The strategic element, which follows, should address complex issues. These include: training and education needs, planning and preparation for future work, updating and reviewing procedures, safety and environmental education, research and development, process testing, changes in sampling, vibration monitoring testing, product inventories, interactions within the corporate venue, planned outages, and long-term goals.
As with the handover meetings, items requiring detailed discussions should be held in a later sidebar meeting. If possible, for a complex production facility, it is best to summarize each product, briefly, by subject: safety, environment, quality, production and reliability — leave the details for a separate meeting. It is especially important that minutes be prepared for the shift team meetings. Whenever possible, these minutes should be widely shared within the facility (Figure 2).
Figure 2. Information flow for successful shift exchange
Developing a shift monitoring plan
The console operators should have a say in establishing a monitoring plan. They have the best understanding of how the process is operating today and how it has operated in the past. They acquired this knowledge from interactions with the process controls and following laboratory analysis. The console operators should not be an untapped resource. However, they require direction from management.
Today, many of your operators have their own routines, which may have been handed down to them from other operators, or may have been developed through operating experience. A better approach is to provide clear guidance and a strategic approach. Managers should review the performance of their best operators and develop general procedures that address the most critical plant issues. If possible, the best operators should help in developing training. This training can then be passed along to less-skilled and future operators. The most elegant approach would be to include their knowledge in a dynamic simulator or emulator.
Training is often limited because of lack of resources. Sometimes, even operating instructions, the basis for an operating manual, aren’t current. If this is the case, bringing them up-to-date is the first step towards developing a shift monitoring plan and improving training. A poorly organized, or outdated, human-computer interface (HCI) can drastically encumber training. For the best results, the HCI should be hierarchical with an overview of all units under the operator’s scope of control. Next, the HCI should have a unit view and finally the ability to display detailed and diagnostic information, i.e., an alarm page.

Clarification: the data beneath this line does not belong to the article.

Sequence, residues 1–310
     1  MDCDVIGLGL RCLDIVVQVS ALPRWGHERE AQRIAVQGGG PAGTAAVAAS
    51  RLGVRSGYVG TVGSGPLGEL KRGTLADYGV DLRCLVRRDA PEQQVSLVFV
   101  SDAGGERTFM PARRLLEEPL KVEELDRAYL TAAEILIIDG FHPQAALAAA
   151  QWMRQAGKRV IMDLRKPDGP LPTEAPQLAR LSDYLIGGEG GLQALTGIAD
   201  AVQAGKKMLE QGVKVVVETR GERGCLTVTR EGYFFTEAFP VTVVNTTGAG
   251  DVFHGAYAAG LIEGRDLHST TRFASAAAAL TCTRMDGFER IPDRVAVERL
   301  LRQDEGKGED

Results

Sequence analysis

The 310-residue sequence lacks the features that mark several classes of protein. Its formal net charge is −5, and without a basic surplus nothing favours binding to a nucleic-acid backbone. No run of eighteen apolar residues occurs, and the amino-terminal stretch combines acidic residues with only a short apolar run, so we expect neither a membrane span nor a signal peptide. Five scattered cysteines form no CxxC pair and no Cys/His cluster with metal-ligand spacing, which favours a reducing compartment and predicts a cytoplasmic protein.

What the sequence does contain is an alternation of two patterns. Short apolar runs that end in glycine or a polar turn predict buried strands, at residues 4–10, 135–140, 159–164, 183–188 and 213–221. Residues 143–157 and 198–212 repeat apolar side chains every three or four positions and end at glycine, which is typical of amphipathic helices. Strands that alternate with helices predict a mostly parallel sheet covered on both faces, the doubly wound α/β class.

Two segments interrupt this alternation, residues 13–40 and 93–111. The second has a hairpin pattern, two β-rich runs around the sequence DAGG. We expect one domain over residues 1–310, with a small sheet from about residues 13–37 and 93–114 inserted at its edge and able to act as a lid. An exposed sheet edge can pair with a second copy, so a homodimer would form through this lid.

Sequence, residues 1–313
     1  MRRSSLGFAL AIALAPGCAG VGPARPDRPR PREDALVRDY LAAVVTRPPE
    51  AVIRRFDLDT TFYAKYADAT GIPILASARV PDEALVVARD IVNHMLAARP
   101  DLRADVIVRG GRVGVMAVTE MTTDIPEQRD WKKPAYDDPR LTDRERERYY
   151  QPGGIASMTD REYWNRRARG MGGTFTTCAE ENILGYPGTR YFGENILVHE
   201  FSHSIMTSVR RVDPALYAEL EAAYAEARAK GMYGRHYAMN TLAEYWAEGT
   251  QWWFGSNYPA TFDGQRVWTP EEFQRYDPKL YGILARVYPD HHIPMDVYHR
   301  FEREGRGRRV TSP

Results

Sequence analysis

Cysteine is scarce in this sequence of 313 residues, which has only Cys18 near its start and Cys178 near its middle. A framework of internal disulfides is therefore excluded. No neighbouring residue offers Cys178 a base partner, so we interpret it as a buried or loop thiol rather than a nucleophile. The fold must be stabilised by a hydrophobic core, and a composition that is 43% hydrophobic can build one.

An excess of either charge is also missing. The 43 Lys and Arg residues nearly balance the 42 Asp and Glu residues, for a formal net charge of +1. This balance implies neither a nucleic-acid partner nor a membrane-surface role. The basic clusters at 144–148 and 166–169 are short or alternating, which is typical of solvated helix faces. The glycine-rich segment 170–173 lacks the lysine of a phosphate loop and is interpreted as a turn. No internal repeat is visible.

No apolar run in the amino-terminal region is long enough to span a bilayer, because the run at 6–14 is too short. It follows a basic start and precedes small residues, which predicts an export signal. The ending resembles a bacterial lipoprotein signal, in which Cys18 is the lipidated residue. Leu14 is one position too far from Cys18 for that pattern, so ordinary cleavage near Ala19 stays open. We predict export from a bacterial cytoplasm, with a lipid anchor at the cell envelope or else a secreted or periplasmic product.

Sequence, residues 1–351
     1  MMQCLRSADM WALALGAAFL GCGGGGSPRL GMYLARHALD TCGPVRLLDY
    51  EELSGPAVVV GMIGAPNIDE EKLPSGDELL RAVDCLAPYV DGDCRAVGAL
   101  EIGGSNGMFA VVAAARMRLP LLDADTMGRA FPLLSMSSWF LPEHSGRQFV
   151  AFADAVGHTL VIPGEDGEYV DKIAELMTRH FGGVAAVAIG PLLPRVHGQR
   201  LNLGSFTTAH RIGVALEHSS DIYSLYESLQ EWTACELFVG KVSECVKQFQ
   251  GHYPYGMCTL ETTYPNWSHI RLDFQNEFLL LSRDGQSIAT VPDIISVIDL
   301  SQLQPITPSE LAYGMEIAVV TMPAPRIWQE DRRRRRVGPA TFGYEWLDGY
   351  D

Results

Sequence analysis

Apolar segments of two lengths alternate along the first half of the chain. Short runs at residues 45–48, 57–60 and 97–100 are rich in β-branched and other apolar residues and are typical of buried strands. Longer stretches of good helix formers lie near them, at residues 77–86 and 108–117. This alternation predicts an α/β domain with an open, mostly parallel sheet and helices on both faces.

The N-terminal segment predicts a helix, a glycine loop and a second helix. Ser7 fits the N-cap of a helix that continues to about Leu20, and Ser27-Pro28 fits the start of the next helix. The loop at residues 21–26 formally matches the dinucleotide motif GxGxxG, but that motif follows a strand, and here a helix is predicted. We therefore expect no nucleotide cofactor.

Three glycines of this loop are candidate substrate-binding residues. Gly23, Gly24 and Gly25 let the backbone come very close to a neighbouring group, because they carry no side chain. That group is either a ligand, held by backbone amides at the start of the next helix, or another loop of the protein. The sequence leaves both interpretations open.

If possible, detailed or critical procedures should be imbedded in the controls: before the operator can make a change on the screen, instructions must be acknowledged. Caution is required to ensure that these instructions are read.
The best systems log alarms using an historian for future reference; these systems are available for reference not only by managers but by operators. The monitoring plan depends on the field operators carrying out their assigned duties when they need to be carried out.
Field operators will have an assigned schedule that cover s sampling routines and equipment checks. They will receive assignments from console operators to take manual actions such as starting pumps, opening or closing valves, but they should also conduct more focused inspections.
Field operators will be guided in this preventative maintenance by information received at the shift handover. This work usually keeps them busy during first shift but may be ignored, or brushed aside on the back shifts. Sometimes, operators are borrowed for other duties such as loading and unloading of trucks, which have nothing to do with their responsibilities to the unit. Again values and beliefs need to be aligned with the production goals — management must enforce these values.
Some companies have embraced a dynamic strategy of continual improvement. This approach involves autonomous field operators applying predictive and preventative maintenance tools to the restoration of plant equipment and maximum production potential. The strategy also involves console operators who analyze production data to maximize product quality and managers who direct the operators to achieve plant goals.
Today, hand-held computers are available for operators to track and record equipment health conditions. The field operators’ role is changing to more of an equipment specialist and if they are not outside with the equipment, they are monitoring and analyzing data to predict equipment failures or operating costs.
Using this new strategy, console operators are no longer waiting for alarms before they interact with the control system. They are trending processes and setting up monitoring strategies — detecting problems before the alarm initiates. This strategy requires revisiting old methods. Pattern recognition was a technique used by operators in the 1950s to 1980s and with the introduction of digital data the analog charts and trends became less popular.
Today console operators are going back to using this method, and HCI developers are utilizing some new techniques such as polar plot diagrams or linear profile charts with trends to monitor lots more process conditions than previously observed.
A powerful tool
One of the most important tools we have for managing the changes that occur throughout a shift is the shift handover. If the shift handover is managed well, operators will be equipped to deal with dynamic process changes. They will be able to manage equipment changes confidently, from a more in-depth perspective. Replacing equipment following pre-determined maintenance schedules will be transformed into pro-active, predictive maintenance. Lastly, having a better understanding of what people do and how they do it will allow better decision-making when people changes are proposed.
Ian Nimmo is president and founder of User Centered Design Services, Anthem, Ariz., a firm that specializes in abnormal-situation management and other control issues. E-mail him at firstname.lastname@example.org.